• Snowflake’s Net Score decline has brought it in line with that of Databricks.
  • Despite the macro pressures, all three platforms are above the 40% line, which is an indicator of a highly elevated spending velocity.

Let’s delve into the key points that arose during this conversation about these data points.

The discussion begins with an acknowledgment from Furrier of the validity of Snowflake’s churn data. Its churn rates are low despite the current economic headwinds causing a market slowdown. So they’re not losing customers, similar to the dynamic among the cloud players. Major shifts, such as the hype around AI right now, tend to cause a freeze in the buyer market. This leads to a “wait and see” approach, further slowing down spending in the sector. But customers are not defecting.

An important comparison arises between Snowflake and Databricks, two significant players in the market. Snowflake’s strong business model has set it apart and allowed it to lead the market in the early stages. However, Databricks has gained substantial traction through leveraging the open-source community and consistently enhancing its robust product offerings.

A salient point in the discussion revolves around data retention policies. Snowflake, for example, stores an extensive amount of data for its clients, but the question arises: Is all this stored data being utilized effectively? This was a topic of conversation on the earnings call where customers are being forced to control costs and shortening retention times is a logical way to do so.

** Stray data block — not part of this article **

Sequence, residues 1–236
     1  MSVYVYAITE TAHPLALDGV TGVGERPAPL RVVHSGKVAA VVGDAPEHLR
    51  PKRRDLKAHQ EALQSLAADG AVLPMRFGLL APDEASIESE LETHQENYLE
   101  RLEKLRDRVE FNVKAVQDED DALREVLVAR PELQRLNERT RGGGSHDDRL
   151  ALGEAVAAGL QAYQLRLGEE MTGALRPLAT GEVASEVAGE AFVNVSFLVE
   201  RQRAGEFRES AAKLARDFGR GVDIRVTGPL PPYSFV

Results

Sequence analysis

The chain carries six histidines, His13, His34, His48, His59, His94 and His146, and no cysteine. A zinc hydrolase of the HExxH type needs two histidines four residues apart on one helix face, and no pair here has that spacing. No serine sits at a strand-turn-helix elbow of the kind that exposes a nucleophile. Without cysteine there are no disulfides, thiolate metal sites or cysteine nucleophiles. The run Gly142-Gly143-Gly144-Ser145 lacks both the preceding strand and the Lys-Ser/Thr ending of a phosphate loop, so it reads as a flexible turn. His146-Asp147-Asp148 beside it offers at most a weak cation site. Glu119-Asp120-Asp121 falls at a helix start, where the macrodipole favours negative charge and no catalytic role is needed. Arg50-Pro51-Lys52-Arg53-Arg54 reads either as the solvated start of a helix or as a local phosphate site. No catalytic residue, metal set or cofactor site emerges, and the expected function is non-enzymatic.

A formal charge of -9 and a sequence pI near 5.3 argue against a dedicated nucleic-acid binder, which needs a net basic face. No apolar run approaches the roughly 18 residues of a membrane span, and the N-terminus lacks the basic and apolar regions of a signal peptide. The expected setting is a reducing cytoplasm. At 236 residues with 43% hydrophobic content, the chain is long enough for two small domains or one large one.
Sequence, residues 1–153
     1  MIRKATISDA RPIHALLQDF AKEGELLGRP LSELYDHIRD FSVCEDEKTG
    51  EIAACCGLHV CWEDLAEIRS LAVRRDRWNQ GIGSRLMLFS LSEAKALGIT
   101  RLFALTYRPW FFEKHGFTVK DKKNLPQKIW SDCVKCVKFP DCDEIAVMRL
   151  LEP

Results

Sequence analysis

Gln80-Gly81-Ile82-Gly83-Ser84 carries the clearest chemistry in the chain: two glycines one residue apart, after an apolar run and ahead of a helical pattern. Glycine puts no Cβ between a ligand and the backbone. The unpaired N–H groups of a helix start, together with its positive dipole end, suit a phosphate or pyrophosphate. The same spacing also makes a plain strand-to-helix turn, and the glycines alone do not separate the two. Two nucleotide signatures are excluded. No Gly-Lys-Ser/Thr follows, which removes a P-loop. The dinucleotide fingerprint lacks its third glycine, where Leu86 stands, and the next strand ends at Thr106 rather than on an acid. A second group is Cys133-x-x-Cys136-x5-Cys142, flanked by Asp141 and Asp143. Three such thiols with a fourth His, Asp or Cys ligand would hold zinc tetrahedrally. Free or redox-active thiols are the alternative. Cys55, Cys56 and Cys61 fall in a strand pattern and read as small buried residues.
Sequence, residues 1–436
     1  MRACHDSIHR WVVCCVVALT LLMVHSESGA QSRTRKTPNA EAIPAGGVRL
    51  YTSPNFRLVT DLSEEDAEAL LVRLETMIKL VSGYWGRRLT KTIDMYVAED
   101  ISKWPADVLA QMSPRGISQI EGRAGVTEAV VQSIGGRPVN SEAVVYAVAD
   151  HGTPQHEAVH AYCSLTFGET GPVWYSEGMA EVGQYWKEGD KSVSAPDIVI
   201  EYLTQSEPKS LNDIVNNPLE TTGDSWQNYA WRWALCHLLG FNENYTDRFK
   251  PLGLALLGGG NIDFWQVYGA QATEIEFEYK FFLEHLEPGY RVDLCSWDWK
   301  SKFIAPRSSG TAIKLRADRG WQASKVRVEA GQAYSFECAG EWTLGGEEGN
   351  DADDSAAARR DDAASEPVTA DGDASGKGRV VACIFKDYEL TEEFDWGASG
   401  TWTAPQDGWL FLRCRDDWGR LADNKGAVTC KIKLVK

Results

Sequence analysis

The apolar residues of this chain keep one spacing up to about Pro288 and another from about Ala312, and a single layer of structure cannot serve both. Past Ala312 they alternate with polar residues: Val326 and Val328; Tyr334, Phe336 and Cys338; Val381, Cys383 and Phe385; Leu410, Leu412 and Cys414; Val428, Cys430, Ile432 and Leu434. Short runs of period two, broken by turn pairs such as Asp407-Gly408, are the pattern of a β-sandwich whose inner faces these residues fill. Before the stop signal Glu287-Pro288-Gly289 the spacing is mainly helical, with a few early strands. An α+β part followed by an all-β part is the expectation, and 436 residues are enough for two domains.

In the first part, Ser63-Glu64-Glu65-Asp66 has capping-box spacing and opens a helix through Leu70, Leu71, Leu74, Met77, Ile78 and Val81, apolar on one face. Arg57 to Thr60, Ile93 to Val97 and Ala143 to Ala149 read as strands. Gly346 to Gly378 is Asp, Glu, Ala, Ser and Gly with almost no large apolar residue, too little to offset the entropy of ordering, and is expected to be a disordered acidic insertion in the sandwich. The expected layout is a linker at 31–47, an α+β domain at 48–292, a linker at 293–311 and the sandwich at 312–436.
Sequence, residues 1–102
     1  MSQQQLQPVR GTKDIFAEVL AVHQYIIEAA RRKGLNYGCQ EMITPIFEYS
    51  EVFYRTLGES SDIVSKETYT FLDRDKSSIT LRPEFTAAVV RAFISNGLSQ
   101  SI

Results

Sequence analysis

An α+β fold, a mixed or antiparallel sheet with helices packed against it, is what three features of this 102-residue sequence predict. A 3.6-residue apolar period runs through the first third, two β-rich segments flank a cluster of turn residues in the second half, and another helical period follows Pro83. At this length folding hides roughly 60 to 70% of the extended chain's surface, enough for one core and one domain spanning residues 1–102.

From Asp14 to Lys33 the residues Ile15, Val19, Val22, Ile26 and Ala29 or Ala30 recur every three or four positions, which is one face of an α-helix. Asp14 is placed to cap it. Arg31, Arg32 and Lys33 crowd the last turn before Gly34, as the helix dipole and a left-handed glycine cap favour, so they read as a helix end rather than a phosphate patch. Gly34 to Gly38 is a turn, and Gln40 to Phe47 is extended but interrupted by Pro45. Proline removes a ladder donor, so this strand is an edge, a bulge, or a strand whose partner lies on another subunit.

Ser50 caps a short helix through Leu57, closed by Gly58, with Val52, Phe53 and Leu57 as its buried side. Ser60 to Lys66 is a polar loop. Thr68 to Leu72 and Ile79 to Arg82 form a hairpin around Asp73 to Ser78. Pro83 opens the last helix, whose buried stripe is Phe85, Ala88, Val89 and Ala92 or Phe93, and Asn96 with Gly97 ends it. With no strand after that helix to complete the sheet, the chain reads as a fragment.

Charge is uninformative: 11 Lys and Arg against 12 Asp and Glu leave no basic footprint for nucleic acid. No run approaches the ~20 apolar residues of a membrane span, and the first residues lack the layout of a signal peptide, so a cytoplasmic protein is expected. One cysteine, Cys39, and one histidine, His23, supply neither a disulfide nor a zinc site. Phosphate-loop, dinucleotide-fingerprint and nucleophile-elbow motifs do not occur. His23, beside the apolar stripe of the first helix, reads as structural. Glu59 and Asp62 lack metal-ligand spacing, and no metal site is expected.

Floyer stressed that the value of data diminishes as it ages, prompting a shift toward efficiently capturing and extracting the value of data close to its source before disposing of it. Barclays analyst Raimo Lenschow asked what we thought was a salient question on the earnings call: Is the trend of shorter retention times potentially enduring and will this lead to a change in the future growth of data storage needs

  • The expectation is that the increase in the efficiency of data capture and utilization will result in a larger proportion of data being ephemeral.
  • Yet the amount of data generated will be so large that it will continue to grow exponentially thanks to the emergence of new industries and use cases and the impact of AI.

Furrier introduced the concept of “hyper data scalers.” These could be entities similar to cloud hyperscalers but focused on storing vast amounts of data for foundational AI models.